Vaccine drought

  • The best guarantee against COVID-19 vaccine shortage is local manufacture

That states are running out of COVID-19 vaccines, and the Federal Government itself could be none the wiser, should shock no one.  Vaccine production and supply are completely out of local control.

To correct this anomaly, Nigeria could push to locally manufacture a brand of the available vaccines, to feed local needs; and much of the West African sub-region.

At least eight vaccine brands are available now: Oxford University-AstraZeneca, Moderna, Pfizer-BioNTech , Gamaleya (Sputnik V), Sinovac (CoronaVac), Sinopharm, Novavax and Janseen/Johnson & Johnson, according to a BBC report of February 20, updated on April 23.

But until some form of local manufacture under licensing is achieved, Nigeria and other African countries will have to rely on supply by COVAX and its multilateral partners. The COVAX global target is two billion vaccine doses, by December 2021.  But Africa’s slot, from that stock, is 600 million doses — covering 20% of Africa’s population.  That is one out of every five.  Africa should, therefore, make up the huge shortfall.

But even out of these 600 million doses, only 18 million, mainly of AstraZenica, have been supplied, in a COVAX-African Union (AU) collaboration that started in February.  The next phase of supplies, from projections, won’t be earlier than May.  So, countries that run out of stock before then just have to wait — and so would Nigeria.

But the vaccine drought is no exclusive African problem.  No thanks to vaccine nationalism and regionalism, other countries outside the league of vaccine-patenting nations are in a similar bind.

These vaccine aristocrats are USA, UK, Sweden: collaborator with the UK on AstraZeneca, the EU-adopted vaccine; Germany: whose BioNTech worked with US Pfizer; Russia, China and Belgium, whose Janssen Phameceutica, an arm of the US Johnson & Johnson, worked on the J&J one-shot vaccine.

On the other hand, India’s Serum Institute, the world’s biggest manufacturer of all shade of vaccines, which COVAX depends on to roll out the bulk of global supplies, is suspending supplies elsewhere to face a COVID-19 flare at home, in a classic case of “physician, heal thyself!”

COVAX is the brainchild of Gavi, the vaccine alliance, the Coalition for Epidemic Preparedness Innovations (CEPI) and the World Health Organization (WHO), the globe’s primal health agency.  Its mandate is to research, develop and manufacture COVID-19 vaccines; and negotiate fair pricing, in their supply to low-income countries, so that no one is left behind in the global push against COVID-19.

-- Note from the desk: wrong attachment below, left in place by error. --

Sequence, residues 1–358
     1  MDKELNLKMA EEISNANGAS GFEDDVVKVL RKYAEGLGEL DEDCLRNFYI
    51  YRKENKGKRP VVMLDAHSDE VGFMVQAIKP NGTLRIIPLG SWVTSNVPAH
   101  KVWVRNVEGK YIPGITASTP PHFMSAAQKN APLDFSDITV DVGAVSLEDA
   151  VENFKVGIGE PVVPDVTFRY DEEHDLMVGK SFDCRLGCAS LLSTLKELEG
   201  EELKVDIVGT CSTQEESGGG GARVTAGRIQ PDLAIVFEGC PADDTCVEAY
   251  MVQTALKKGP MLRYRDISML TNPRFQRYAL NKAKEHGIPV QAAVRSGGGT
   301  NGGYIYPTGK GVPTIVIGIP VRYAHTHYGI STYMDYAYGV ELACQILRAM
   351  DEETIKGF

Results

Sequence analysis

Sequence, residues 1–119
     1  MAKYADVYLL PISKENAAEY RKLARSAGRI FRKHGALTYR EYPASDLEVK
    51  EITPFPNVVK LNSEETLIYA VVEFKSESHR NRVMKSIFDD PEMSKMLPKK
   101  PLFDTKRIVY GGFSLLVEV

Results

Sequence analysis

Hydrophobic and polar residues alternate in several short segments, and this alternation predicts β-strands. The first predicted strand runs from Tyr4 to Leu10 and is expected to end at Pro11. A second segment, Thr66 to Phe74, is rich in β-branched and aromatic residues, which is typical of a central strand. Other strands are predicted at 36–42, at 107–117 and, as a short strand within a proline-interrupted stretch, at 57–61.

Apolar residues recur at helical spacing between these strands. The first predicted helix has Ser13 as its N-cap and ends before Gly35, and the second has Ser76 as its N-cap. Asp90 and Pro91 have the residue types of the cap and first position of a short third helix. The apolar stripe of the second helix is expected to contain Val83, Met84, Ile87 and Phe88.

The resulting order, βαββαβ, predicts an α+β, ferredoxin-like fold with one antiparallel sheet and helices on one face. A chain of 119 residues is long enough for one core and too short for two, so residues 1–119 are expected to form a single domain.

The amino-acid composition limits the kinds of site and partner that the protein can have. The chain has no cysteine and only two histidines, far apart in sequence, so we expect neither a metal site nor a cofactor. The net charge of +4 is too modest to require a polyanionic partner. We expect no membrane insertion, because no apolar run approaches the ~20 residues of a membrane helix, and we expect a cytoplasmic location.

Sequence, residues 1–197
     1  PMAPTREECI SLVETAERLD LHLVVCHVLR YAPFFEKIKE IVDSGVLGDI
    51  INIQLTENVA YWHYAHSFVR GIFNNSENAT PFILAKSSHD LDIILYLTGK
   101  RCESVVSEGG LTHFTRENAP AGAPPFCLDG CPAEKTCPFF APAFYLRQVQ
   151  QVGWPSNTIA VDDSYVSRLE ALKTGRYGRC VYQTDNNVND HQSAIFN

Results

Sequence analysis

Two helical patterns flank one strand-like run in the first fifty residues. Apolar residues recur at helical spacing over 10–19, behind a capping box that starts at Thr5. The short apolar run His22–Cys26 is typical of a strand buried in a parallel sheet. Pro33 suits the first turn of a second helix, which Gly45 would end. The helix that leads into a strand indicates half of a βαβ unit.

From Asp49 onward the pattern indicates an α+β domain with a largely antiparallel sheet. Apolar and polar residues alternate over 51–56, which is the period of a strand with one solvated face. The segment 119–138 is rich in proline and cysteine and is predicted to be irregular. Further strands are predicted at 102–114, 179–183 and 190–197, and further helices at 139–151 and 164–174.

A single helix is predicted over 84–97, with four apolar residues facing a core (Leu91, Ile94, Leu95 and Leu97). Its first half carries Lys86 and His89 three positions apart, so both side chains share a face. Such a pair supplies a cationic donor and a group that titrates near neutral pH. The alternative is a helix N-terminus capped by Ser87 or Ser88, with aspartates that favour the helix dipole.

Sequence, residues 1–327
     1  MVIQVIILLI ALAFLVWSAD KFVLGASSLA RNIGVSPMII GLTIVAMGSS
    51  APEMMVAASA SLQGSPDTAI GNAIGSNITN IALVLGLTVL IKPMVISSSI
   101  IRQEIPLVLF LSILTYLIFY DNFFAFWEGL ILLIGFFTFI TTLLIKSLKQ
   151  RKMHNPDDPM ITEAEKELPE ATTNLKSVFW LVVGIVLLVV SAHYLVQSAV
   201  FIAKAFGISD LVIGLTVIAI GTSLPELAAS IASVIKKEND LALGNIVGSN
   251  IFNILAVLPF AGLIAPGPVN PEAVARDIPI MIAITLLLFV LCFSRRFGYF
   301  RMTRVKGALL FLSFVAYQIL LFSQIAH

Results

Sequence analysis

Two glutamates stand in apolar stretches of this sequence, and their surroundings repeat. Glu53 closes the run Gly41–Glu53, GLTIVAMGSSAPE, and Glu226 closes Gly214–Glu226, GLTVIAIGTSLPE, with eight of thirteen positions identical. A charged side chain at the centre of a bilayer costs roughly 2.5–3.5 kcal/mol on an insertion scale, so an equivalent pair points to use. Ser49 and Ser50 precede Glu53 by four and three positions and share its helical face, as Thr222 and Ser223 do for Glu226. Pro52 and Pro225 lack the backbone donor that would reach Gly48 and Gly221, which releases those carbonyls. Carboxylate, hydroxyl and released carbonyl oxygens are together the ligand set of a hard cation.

That’s why it’s no surprise that AU and other African private sector-led charity foundations and sundry agencies are working with COVAX to aid and facilitate adequate vaccine supplies to African countries.  But with the present outlook, these countries have to carefully balance their vaccine demands with supply realities.

Still again, the AU could pressure COVAX, using the instrumentality of WHO, to facilitate licenced vaccine production in African countries that have the capacity, like Nigeria (West Africa) South Africa (Southern Africa) Kenya (East Africa), Congo DR (Central Africa) and Egypt (North Africa), each of which can serve as regional hubs, for the timely supply of COVID-19 vaccines.

But guaranteeing the supply chain won’t automatically result in jabs-in-arms, if some ancillary activities are not integrated.  The most basic of these activities is a communication blitz for mass enlightenment.

The first round of vaccinations in Nigeria has seen a section of the media sensationalise the reportage, which could only drive vaccine resistance, by ramping up fear.  The federal health authorities, that exclusively drive the supply chain, should put in place a comprehensive vaccine safety and efficacy enlightenment programme.

Now, such a programme appears passable on the social media, where it ironically gets countered by hysterics and unfiltered anti-vaccine messages, in wild rumours and allied disinformation.  It is time, therefore, to broaden the channels of communication: social media; conventional media like radio, TV and newspapers; and traditional one-on-one, like town union meetings.

It is unlikely the Federal Government can succeed in its anti-COVID-19 push without aggressive enlightenment and penetrative mobilisation.  The goal should be to get everyone vaccinated so that the economy can again go on a full throttle.

It is good a ban has been placed on travellers from India (where COVID-19 is now spiking) and Brazil, where the virus has been wreaking untold havoc.  But the ban may have come too late, as many Nigeria-based Indians may have travelled and returned to base, from those mass, river-based yearly religious rituals, that have caused India’s latest COVID-19 crisis.  So, close surveillance of these Indian communities nationwide is imperative to avert any fresh virus crisis here.

It won’t also be a bad idea if the Federal Government can facilitate states wishing to buy extra COVID-19 vaccine doses. If the sovereign authorities can secure sub-national loans, they should also secure sub-nationals’ extra vaccine needs, for states that can afford it.

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